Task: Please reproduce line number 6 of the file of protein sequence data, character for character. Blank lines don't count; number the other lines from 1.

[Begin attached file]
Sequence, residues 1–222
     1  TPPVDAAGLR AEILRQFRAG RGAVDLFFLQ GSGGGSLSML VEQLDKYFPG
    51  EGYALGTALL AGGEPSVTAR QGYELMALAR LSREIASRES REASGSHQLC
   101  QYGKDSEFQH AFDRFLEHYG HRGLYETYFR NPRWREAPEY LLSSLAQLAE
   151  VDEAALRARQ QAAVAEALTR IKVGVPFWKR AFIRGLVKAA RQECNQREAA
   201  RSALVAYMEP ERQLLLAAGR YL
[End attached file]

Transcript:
   201  RSALVAYMEP ERQLLLAAGR YL